top of page
Search
  • Stephanie Bush

What is Pelvic Health?

To keep it simple, good pelvic health is to have a happy healthy pelvis as the connector between the trunk and lower body. When we think of pelvic health, most often, it is synonymous with the pelvic floor or your “kegel” muscles. The pelvic floor muscles (PFM) have four major roles: sexual function and arousal, support to the bladder, uterus, and rectum, prevention of urinary and fecal leakage, and to coordinate with the other core muscles for a strong healthy back and core!


Do you ever pee when you cough, sneeze, or exercise??? Have pain or difficulty enjoying sexual intimacy??? Suffering from low back, pelvic or hip pain??? Feel like your bladder is going to fall out??! If you answer yes to any of these then there is a good chance your pelvic health is in trouble!


The benefits of a well-functioning pelvic floor and happy healthy pelvis include increased blood flow to the vagina, penis, rectum and perineum, better bladder and bowel control, decreased incontinence after childbirth, improved bowel health and less constipation, improved sexual function, arousal and orgasm, increased support to the pelvic and abdominal organs, stronger core, and prevention and reduction in low back pain.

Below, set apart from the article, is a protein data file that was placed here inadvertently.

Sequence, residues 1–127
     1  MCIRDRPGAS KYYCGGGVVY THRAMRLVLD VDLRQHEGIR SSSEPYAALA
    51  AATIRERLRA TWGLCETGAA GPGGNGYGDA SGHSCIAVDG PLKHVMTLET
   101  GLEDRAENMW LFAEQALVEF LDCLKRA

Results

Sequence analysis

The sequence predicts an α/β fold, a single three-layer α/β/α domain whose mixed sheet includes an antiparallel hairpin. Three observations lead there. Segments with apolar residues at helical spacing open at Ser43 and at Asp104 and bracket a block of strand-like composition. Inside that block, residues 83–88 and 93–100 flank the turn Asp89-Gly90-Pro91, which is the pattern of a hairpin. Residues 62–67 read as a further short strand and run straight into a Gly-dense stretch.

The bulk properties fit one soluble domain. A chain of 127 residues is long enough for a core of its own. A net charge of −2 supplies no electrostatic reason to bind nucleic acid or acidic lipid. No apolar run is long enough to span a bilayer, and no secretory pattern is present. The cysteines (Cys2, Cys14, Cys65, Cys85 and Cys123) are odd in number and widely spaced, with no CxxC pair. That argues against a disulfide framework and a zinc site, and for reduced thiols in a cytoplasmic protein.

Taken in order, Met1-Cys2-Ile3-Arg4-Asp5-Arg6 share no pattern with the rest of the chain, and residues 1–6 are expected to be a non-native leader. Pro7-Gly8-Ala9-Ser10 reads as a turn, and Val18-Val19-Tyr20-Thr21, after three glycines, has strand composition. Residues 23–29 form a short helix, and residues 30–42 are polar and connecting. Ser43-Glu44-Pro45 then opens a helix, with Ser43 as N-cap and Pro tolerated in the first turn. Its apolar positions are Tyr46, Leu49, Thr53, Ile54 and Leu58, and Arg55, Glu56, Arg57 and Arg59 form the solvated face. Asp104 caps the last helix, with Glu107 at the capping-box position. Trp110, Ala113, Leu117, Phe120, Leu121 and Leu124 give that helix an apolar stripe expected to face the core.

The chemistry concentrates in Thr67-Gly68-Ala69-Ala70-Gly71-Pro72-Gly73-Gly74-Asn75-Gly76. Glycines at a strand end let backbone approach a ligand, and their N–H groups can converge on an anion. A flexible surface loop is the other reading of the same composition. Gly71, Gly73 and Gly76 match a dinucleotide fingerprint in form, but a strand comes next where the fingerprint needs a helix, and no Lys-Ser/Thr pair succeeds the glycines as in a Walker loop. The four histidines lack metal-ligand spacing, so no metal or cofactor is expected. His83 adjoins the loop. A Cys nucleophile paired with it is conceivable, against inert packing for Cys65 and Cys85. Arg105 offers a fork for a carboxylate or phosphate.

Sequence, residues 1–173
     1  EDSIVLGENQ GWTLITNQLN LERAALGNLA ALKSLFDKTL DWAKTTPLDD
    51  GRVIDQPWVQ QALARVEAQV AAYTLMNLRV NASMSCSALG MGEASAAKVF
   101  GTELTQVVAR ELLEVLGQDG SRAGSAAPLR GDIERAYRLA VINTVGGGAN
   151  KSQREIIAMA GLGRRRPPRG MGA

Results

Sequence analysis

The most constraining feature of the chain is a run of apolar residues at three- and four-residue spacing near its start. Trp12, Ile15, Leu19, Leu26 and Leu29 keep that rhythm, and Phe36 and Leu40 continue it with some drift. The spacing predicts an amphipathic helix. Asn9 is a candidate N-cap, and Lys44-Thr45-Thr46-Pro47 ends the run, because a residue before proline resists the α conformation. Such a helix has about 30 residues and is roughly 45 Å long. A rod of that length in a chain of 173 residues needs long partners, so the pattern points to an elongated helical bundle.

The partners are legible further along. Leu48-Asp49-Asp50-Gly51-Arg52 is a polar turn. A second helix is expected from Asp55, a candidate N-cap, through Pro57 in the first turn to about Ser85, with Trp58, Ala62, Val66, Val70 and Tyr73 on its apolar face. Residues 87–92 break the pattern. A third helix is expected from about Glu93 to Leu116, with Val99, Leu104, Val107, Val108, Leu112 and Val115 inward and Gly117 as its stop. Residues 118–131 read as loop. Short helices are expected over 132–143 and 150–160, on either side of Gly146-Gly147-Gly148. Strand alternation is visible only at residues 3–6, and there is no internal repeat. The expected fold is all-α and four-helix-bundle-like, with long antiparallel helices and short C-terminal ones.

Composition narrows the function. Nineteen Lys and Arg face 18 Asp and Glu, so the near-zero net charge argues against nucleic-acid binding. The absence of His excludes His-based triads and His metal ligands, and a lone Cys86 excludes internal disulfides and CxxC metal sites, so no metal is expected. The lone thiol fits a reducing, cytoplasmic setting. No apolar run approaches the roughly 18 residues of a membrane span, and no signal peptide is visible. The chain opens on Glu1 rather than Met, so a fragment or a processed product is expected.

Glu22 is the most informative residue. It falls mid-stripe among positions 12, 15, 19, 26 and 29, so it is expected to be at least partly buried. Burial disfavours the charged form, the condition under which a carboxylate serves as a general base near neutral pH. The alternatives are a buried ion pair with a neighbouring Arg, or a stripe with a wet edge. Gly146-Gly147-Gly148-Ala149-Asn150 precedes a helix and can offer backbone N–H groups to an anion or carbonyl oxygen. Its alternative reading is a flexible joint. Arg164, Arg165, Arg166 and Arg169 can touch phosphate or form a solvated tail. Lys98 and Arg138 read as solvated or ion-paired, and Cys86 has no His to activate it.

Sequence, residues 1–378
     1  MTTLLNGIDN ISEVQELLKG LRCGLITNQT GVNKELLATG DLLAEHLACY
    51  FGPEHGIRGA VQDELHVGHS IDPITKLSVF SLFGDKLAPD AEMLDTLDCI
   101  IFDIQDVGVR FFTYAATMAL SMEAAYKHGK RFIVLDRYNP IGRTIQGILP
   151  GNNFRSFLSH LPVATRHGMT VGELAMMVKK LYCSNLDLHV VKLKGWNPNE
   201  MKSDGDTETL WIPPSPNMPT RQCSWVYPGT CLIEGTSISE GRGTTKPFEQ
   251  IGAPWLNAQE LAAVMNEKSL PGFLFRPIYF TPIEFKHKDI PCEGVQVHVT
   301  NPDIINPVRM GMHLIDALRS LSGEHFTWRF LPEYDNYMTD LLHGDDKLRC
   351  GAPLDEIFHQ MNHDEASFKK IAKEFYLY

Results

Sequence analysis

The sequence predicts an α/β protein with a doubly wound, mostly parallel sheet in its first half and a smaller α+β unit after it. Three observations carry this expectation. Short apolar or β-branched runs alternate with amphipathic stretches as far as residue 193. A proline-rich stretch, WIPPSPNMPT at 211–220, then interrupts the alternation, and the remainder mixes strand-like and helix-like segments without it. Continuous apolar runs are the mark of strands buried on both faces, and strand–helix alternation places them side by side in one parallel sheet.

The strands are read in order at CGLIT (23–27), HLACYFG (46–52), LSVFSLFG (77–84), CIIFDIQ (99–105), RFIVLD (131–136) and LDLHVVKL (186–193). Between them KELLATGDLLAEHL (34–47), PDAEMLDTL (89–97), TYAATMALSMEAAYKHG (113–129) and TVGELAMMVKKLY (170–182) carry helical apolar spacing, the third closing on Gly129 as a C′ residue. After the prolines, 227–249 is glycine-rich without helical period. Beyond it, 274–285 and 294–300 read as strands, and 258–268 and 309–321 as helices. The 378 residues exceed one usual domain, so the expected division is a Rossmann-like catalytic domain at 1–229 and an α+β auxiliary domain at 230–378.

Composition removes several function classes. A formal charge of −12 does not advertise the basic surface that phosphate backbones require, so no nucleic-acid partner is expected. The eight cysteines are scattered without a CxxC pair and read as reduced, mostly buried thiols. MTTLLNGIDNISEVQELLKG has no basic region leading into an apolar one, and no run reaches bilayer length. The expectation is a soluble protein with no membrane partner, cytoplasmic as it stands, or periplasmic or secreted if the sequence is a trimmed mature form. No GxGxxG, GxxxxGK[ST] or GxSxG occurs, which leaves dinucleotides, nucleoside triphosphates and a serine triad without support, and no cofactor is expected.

You should be able to contract and relax the PFM in different positions, during various functional activities, and anytime anywhere throughout the day. You may be asking yourself, “Do I know how to do a ‘kegel’?” A correct contraction of the pelvic floor muscles is a “squeeze and lift up and in” of the vaginal and rectal muscles, as if you are closing the vagina and anus, imagining that you are trying to not pass gas or pee.


Stay tuned for more to come on how the PFM works together with the other core muscles, coordinate synergistically with breathing and during movement, and what a pelvic floor muscle exercise program looks like!








52 views0 comments

Comments


SB-Logomark3.png
bottom of page